The application of carbon (C) substrates has been viewed as a promising tool for lowering soil nitrogen (N) availability in grassland restoration. However, experimental evidence shows that C additions can enhance, suppress, or have no effect on native species productivity, making it difficult to predict the effects of C-additions on plant communities. We used a community assembly approach to test the roles of environmental filtering and competition on community structure after C-additions. We applied 3 recalcitrant C-additions (wood chips, shavings, mixed chips + shavings), monitored temporal changes in soil N and P availability and species' abundances, and used phylogenetic tools to examine changes in community structure. All 3 soil C-additions produced significant reductions in soil N and P fertility that, in turn, were correlated with increases in taxonomic species richness, diversity, and evenness, as well as shifts in community structure. In control and C-amended plots, however, communities were composed of taxa that were more closely related than expected by chance (phylogenetically clustered); this pattern occurred across all C-additions and years, and in both plot level and species pair-wise metrics. In nonamended plots, phylogenetic clustering was correlated with soil N availability, consistent with environmental filtering. In C-addition plots, biotic (clade specialization in different C additions) and abiotic factors (soil P variability) were important in structuring the community. These findings suggest that C-additions create a different set of environmental filters and that variations in ecological traits among phylogenetically close species may be important in understanding and predicting the effects of C-additions.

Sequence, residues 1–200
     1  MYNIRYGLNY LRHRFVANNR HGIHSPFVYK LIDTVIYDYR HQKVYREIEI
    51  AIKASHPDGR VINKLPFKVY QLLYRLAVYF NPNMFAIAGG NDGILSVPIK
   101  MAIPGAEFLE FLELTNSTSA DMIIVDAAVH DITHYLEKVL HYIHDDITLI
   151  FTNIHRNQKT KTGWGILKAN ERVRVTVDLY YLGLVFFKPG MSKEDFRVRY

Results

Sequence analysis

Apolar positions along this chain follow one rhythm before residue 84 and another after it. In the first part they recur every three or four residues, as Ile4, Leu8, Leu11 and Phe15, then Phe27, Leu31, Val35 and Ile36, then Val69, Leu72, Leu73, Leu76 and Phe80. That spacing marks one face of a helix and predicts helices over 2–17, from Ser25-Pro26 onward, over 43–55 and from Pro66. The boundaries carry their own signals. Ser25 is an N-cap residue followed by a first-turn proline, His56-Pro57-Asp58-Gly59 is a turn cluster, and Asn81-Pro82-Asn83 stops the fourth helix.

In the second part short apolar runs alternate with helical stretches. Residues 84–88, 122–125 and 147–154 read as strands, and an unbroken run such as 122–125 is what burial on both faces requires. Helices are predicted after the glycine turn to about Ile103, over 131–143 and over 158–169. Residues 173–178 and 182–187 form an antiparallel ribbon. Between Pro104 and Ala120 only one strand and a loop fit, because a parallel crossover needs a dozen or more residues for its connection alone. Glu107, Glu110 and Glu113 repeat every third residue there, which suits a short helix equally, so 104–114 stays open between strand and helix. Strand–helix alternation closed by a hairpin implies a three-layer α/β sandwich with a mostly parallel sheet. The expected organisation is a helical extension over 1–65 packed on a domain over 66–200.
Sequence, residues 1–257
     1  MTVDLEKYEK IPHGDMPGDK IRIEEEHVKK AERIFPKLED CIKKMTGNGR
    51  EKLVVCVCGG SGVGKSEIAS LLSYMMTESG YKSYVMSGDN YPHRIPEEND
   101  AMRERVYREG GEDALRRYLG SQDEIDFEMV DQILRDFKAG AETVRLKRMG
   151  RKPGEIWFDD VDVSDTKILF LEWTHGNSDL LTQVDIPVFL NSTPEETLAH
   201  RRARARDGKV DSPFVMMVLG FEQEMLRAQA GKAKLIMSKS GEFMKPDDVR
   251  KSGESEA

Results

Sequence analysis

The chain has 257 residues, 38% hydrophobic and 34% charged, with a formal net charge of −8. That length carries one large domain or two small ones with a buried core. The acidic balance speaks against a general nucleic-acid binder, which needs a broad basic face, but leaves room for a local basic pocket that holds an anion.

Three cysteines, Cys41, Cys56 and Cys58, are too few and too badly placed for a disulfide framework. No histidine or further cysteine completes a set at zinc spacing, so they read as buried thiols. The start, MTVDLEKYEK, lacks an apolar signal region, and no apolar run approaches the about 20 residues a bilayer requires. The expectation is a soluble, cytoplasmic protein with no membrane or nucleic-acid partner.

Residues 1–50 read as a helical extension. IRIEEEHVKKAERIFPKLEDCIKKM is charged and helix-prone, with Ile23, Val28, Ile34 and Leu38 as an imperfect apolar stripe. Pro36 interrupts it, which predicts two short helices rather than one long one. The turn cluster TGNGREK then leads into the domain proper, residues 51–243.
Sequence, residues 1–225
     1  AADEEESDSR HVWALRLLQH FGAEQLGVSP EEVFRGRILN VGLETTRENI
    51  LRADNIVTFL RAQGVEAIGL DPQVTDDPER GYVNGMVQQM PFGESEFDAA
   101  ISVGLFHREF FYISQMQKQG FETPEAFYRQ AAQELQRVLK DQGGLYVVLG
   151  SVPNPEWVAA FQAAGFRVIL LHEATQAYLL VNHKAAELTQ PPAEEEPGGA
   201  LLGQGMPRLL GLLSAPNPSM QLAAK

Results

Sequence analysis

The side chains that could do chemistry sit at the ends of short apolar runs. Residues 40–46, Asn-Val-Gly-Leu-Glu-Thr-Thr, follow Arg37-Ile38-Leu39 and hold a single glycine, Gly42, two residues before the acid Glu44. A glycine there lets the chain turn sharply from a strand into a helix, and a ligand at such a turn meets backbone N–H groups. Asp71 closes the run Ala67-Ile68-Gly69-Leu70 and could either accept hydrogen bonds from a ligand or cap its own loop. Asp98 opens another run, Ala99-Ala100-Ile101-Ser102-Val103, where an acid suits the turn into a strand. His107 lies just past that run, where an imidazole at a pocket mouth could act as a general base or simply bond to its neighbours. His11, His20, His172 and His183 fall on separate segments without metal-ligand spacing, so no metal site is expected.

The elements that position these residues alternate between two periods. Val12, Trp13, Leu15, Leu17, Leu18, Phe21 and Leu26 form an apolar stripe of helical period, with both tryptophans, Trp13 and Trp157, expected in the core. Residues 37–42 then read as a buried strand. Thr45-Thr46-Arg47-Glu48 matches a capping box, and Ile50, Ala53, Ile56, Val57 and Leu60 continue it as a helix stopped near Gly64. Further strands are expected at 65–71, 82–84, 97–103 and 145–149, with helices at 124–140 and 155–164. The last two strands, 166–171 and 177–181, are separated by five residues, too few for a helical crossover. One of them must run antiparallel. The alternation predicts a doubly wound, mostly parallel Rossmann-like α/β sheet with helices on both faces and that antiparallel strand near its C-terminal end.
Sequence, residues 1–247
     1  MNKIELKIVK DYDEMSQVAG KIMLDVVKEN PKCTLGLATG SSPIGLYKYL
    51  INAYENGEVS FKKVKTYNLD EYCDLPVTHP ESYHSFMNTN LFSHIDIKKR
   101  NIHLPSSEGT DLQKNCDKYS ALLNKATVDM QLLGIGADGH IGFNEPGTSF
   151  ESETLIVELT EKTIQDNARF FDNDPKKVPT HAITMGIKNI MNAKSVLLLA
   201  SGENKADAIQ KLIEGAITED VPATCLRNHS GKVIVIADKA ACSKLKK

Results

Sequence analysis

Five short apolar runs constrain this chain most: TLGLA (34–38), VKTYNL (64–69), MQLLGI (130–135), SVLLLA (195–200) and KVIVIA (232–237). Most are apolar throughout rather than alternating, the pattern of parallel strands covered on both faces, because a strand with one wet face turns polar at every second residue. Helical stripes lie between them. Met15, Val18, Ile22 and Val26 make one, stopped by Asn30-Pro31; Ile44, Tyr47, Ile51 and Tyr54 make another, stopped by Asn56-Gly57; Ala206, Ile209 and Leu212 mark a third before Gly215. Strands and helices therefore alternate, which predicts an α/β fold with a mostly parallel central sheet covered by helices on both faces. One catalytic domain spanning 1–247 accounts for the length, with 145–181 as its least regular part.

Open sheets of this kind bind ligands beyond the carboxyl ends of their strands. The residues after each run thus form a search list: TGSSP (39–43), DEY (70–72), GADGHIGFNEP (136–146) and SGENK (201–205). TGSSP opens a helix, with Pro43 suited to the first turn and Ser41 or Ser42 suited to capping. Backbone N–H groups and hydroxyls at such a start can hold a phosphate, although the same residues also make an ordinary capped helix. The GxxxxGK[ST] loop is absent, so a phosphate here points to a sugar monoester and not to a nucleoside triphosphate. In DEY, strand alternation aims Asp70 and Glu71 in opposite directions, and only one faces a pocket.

- community assembly
- phylogenetic clustering
- resource heterogeneity
ASJC Scopus subject areas
- Ecology, Evolution, Behavior and Systematics
- Nature and Landscape Conservation